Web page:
Without compelling PPC calls-to-action (CTA), you’re missing out on more traffic and clicks than you’d care to imagine. A really great CTA is often what takes a visitor to the last stage of your funnel. Without that step, you aren’t getting the sales, clicks, or other conversions you need for success.
PPC Calls-to-Action: The Good, The Bad, and The Ugly
But when it comes to writing calls-to-action, what separates the best from the rest? Some CTAs capture your visitors’ interest right away, while others aren’t worth a second glance.
Today, we’re going to break down the good, the bad, and the ugly of PPC calls-to-action to get you the clicks you’ve been waiting for.
Types of PPC calls-to-action
First, let’s talk about the most common calls-to-action you see with PPC campaigns.
Usually, they fall into one of these three categories: user engagement, lead generation, and direct response calls-to-action.
User engagement CTAs
User engagement isn’t necessarily calling for your audience to do anything but ENGAGE with your content.
Maybe you have a food blog and you want more visitors to browse multiple pages in one visit. Or maybe you’re hoping visitors increase their time on your page. Or you just want them to explore and learn more about what you have to offer.
User engagement PPC calls-to-action often include words like:
- Learn more
Lead generation CTAs
Lead generations CTAs are used to move visitors further down the funnel, but they’re not your final CTA.
Once your audience is aware of your brand–they’ve explored, visited, or clicked–it’s time to take the next step. With a lead generation CTA, you’ll often capture data, including newsletter signups.
These CTAs might include words like:
Direct response CTAs
Finally, a direct response calls for quick action. They’re often the last stage of your sales funnel: these PPC campaigns are asking your audience to take action or respond quickly.
Here are some examples of the copy you’ll see in direct response CTAs:
- Buy now
- Sign up
- Call now
CTAs for pay-per-click campaigns
Here’s the thing: there’s no one right answer to that the best CTA looks like. Ultimately, it will depend on things like your audience and the ultimate goal of your campaign.
That being said, there are common themes within good, bad, and ugly CTAs.
So, if you want to write compelling CTAs (of course you do!), these are some of the things it will include:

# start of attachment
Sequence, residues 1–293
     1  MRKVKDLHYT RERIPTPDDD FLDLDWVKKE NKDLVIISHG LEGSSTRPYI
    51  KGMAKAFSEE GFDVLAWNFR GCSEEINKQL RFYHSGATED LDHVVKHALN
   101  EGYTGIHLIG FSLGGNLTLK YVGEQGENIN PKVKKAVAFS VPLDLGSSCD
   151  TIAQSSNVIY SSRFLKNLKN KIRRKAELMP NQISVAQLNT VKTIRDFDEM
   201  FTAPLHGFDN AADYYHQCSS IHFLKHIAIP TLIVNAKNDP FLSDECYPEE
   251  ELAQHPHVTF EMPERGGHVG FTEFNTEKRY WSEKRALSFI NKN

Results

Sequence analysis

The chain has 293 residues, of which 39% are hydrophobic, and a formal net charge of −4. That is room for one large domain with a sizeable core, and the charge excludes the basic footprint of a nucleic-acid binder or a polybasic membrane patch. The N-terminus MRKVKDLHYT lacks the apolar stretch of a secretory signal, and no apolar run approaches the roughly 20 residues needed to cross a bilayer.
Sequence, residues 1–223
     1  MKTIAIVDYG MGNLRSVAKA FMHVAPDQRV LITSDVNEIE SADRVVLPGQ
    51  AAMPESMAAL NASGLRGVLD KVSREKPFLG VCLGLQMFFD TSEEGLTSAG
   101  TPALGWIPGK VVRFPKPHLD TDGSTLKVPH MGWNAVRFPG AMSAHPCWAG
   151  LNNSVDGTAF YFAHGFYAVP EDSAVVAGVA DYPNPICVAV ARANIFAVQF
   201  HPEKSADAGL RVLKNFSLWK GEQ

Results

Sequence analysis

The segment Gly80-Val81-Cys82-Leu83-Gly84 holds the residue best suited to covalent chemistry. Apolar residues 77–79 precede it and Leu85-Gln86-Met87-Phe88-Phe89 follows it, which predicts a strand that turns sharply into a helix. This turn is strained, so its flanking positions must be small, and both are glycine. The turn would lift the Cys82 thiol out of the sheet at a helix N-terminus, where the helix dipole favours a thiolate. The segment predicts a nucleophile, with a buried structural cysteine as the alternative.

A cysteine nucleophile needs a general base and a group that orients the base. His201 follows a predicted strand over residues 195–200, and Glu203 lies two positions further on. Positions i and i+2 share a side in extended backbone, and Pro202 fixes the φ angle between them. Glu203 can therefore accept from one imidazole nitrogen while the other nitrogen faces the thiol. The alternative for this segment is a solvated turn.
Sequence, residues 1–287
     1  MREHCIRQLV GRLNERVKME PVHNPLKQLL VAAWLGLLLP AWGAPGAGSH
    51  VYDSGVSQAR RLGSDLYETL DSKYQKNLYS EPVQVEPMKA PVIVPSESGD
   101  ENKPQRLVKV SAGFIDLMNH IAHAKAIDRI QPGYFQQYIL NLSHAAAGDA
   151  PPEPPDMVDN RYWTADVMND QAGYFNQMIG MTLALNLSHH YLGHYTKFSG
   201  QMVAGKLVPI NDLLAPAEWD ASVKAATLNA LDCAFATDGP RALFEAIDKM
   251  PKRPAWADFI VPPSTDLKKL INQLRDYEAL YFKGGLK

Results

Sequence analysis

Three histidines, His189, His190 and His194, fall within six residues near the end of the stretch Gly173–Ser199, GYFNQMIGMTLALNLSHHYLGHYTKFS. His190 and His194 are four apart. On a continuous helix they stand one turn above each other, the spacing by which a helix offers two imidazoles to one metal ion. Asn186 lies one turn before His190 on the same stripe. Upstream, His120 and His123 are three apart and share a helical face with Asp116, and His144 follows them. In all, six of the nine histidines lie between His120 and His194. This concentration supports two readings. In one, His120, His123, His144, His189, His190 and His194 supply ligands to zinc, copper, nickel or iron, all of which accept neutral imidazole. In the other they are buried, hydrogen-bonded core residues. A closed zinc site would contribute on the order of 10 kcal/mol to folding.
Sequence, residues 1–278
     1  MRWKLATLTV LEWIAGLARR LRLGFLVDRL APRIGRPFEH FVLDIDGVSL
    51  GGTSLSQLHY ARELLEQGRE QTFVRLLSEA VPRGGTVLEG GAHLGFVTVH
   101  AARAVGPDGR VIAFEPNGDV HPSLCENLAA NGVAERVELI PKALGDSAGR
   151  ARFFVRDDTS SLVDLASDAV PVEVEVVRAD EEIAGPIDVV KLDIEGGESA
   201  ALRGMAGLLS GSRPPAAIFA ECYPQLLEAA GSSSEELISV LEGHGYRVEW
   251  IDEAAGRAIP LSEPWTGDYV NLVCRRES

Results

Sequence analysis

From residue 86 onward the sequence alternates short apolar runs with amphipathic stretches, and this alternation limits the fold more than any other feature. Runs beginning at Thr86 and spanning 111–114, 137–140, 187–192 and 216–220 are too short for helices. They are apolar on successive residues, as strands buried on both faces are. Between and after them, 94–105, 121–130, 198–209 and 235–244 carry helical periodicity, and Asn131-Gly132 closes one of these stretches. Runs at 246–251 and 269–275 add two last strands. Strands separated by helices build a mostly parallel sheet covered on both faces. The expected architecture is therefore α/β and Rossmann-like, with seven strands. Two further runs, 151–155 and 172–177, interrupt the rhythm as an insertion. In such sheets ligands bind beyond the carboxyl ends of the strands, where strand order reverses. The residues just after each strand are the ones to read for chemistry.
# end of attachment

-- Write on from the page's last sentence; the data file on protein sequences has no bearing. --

These words call your audience to act! For example, rather than plain old “Submit,” a great CTA might read: Get your free copy TODAY!
Other examples of active language to use in CTAs include words like:
- Add (As in “Add to your cart today”)
The good thing about using active language in PPC calls-to-action is a lot of it comes down to common sense. Doesn’t “Join Now!” sound better than, “Enter your email?”
Second person language
When it comes to CTAs, second person language is usually best. This means using “you” language as opposed to I or we.
In fact, this is the most common language used throughout various marketing channels. It helps you–the customer–feel more connected to the brand because they feel as though they’re interacting directly with them.
In action, this could be opting for “Get Your Free Shirt” vs. “Get a Free Shirt.”
A call-to-action should clearly explain what that action you’re calling for entails.
You’ll often see buttons that are meant to be CTAs that read something like, “Okay.” But what does that communicate to the audience?
Rather, you’ll want something clear AND compelling, that explains exactly what they get or what happens by clicking on your CTA.
Working on your PPC landing pages? Here are 8 PPC Landing Page Dos And Don’ts You Can’t Miss.
Avoid these PPC calls-to-action tactics
Now that we’ve covered some of the best CTA tactics, let’s talk about the bad and ugly when it comes to calls-to-action. But, if you follow the guidelines we’ve shared for writing effective CTAs, you’re already well on your way to avoiding these call-to-action no-nos.
There are plenty of reasons your CTAs might not be performing.
One of the biggest calls-to-action failures we see has to do with asking too much from them in a single CTA.
It’s usually best to stick to one outcome or objective from your CTAs. Otherwise, your audience gets confused and distracted and might click away from your PPC ad altogether.
For example, a CTA like this isn’t likely to perform well, “Enter your email and visit our website and join our list.”
Each of those are reasonable goals, but they should each have their own ad if you really want to accomplish them.
You could take that one, long, confusing CTA, and turn it into these three, shorter and more effective options:
- Sign Up & Receive Your $10 Coupon
- Learn to ______ Today
- Join Our List for Exclusive Updates
Help with PPC advertising and PPC calls-to-action
Crafting your PPC advertising strategy, PPC calls-to-action, and everything else that goes along with digital marketing takes time and a lot of work. Let us put our expertise to work for you! Contact Blue Water Marketing in Florida today to find out how we can help.
Learn more about our pay-per-click advertising services here.